According to the company’s second quarter earnings statement:
Sales of our smartphone product category contributed $27M in revenue during the quarter. While this was below our plan, we are working aggressively with T?Mobile and other carriers around the globe on the appropriate positioning and pricing of our devices in the competitive smartphone space.
It’s not terribly surprising that the Garminfone isn’t setting the world on fire because the device is missing a few key features like a headphone jack (!) and a modern version of Android. To be fair though, it does pack on-board maps, so, unlikeGoogle Navigation, you won’t have to worry about having a constant data connection for directions.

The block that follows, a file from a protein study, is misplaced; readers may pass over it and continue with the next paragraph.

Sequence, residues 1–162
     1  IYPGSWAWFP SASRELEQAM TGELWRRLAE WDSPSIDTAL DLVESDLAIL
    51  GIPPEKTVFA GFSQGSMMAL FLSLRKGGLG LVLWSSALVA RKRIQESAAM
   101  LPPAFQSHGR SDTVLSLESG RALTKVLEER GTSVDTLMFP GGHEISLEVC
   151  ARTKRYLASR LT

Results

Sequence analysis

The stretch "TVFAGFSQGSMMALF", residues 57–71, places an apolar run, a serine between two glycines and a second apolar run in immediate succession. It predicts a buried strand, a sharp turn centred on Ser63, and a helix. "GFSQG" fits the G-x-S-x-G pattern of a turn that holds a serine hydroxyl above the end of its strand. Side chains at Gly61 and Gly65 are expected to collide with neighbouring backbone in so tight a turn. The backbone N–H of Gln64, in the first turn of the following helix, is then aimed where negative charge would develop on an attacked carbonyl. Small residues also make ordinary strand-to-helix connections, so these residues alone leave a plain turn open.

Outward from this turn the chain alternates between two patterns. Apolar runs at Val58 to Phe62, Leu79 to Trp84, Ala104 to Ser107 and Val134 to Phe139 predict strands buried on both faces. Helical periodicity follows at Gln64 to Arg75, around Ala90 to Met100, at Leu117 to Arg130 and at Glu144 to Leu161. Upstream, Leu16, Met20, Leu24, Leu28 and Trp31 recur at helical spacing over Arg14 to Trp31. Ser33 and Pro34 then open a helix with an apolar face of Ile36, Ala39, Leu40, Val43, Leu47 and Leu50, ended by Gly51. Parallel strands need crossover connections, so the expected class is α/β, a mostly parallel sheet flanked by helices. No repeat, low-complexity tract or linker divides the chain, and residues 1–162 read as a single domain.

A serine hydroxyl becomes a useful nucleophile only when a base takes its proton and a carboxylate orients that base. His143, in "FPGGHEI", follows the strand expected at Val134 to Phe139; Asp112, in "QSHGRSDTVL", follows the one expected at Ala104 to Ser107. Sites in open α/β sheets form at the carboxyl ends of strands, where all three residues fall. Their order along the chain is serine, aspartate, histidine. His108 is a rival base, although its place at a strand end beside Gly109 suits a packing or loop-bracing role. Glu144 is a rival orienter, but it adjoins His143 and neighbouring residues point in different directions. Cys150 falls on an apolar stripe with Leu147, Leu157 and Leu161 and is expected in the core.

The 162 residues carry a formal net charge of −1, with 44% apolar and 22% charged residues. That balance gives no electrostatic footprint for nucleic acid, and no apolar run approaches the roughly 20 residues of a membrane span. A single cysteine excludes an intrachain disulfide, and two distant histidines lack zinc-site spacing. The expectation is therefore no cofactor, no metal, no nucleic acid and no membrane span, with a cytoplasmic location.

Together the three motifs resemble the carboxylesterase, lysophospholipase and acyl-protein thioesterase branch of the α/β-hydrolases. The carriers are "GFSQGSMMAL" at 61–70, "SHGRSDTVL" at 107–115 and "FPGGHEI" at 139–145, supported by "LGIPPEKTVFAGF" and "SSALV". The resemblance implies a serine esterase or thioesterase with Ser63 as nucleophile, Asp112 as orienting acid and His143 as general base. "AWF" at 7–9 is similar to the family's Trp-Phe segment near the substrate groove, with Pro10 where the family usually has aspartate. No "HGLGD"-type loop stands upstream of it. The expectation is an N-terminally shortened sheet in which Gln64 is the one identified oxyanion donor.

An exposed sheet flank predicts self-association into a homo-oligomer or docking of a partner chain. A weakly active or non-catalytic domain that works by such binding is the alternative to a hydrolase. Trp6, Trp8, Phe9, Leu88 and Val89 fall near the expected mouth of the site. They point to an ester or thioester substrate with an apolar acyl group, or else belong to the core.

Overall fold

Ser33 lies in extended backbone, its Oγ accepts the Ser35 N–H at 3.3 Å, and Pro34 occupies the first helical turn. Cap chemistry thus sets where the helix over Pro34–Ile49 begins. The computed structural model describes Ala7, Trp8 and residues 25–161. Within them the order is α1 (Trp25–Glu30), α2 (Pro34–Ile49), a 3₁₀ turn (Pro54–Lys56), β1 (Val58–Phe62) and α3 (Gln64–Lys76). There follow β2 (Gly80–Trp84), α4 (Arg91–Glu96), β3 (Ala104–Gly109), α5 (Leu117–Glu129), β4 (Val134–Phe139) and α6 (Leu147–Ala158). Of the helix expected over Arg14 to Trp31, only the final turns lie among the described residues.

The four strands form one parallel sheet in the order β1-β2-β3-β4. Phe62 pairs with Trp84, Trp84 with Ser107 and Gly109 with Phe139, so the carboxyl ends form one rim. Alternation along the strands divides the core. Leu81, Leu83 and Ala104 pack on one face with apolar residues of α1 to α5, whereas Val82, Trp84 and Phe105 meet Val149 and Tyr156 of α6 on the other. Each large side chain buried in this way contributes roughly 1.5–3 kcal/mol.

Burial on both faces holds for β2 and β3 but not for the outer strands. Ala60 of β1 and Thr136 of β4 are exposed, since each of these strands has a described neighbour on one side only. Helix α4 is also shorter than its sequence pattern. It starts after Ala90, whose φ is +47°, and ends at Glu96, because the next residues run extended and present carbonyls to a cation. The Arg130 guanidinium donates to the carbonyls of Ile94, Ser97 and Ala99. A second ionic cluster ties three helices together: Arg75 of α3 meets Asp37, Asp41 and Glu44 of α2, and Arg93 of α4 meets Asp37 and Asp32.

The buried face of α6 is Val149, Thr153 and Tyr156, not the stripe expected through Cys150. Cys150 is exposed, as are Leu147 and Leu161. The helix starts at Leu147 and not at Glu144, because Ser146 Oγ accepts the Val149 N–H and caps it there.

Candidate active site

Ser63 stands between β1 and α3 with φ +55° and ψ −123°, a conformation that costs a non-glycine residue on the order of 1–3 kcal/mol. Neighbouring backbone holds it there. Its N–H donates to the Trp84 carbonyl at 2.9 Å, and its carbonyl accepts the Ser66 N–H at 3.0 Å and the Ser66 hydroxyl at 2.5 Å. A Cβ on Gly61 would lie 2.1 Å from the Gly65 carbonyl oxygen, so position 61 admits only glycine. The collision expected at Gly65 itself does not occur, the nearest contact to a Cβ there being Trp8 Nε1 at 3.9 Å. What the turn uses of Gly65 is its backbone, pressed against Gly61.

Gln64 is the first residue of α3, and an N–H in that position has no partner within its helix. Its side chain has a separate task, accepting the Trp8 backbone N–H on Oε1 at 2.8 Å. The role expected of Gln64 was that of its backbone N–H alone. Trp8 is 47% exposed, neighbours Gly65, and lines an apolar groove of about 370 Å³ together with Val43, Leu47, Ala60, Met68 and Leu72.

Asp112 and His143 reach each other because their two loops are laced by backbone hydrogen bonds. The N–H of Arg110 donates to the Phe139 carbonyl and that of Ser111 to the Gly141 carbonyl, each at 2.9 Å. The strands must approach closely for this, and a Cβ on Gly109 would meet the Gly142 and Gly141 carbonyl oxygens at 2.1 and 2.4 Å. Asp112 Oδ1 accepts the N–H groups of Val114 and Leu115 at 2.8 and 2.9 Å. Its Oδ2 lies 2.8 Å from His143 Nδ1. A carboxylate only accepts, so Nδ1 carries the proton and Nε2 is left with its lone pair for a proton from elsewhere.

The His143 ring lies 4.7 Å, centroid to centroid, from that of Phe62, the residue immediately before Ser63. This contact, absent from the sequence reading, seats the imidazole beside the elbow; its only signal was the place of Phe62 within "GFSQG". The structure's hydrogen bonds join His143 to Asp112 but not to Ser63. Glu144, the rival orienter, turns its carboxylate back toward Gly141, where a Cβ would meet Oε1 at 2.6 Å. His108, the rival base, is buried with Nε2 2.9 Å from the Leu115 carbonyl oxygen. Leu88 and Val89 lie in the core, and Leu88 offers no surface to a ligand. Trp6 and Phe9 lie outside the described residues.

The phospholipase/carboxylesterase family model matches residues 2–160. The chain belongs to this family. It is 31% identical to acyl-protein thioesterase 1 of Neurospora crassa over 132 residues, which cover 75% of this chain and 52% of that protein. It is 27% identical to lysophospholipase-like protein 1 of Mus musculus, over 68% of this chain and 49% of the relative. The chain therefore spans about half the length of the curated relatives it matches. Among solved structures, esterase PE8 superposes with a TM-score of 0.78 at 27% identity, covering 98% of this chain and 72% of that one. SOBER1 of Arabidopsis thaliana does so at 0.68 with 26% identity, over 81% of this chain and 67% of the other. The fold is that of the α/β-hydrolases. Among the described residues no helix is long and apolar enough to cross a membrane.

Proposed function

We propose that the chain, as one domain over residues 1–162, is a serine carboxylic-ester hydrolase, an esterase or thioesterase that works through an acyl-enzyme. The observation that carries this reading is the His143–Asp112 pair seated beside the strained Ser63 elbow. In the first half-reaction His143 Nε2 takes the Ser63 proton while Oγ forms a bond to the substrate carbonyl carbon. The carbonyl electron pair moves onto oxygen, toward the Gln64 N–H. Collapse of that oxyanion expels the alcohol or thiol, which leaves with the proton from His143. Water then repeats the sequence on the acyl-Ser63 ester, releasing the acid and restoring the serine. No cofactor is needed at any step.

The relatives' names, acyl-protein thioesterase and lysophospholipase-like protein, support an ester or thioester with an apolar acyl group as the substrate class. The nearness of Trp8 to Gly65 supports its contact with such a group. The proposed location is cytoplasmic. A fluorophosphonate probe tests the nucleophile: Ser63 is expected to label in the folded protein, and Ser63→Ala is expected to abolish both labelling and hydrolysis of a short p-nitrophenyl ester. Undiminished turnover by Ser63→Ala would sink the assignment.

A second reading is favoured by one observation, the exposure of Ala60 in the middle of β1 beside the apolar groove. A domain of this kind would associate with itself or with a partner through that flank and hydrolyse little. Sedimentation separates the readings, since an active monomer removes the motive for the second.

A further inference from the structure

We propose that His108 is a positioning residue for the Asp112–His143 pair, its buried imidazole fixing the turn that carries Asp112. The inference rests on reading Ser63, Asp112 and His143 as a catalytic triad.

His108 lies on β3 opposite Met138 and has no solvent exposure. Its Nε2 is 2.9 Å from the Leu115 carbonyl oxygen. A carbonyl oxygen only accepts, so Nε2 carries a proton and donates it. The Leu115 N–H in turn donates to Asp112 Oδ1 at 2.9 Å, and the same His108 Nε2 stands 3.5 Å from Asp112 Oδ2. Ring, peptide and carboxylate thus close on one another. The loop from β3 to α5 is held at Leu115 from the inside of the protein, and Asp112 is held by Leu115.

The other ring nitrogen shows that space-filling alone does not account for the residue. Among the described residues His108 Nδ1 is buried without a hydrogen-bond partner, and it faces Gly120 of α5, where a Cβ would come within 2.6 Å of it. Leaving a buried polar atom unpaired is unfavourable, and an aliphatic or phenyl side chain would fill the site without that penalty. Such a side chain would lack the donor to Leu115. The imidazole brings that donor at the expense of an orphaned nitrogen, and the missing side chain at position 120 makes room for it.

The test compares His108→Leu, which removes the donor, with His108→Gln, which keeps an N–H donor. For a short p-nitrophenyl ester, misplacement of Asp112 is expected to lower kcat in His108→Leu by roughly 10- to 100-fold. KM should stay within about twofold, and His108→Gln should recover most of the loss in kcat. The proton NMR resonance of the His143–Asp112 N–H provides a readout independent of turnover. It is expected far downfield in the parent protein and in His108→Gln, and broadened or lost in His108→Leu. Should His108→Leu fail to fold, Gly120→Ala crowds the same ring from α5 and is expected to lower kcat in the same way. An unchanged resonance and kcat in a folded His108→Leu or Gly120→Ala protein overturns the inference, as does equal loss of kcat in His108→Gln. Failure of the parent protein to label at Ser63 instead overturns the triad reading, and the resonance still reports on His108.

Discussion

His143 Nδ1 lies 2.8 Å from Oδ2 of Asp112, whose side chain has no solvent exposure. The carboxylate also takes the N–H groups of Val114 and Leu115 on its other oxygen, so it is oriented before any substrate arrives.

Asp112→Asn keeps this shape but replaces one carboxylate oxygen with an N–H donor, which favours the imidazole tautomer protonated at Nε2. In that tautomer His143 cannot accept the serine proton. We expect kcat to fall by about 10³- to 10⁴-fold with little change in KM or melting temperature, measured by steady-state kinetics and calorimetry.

Garmin posted a solid quarter overall but the future does not bode well unless it can up its game with smartphones. The personal navigation device market is eventually going to dwindle as more and more people carry smartphone with similar navigation capabilities. Sure, the phones aren’t quite as good as these dedicated devices, but it’s more convenient and good enough for most cases.
To its credit, Garmin understands this and is teaming with Asus to produce Android phones. Asus can make some solid hardware, so it’s up to Garmin to leverage its location-software to stand out from the crowd.
It doesn’t appear that Garmin knows how to do that yet. The company said it wants to make location a stronger part of a smartphone’s operating system, as it should integrate with every aspect of the device. Think about location integration with your contacts – it could be nice to know when someone you conveniently contact is nearby.
So far, Garmin Android phones haven’t shown much innovation beyond a navigation service that doesn’t need data. It needs to show us more if it wants to be a serious player in this market.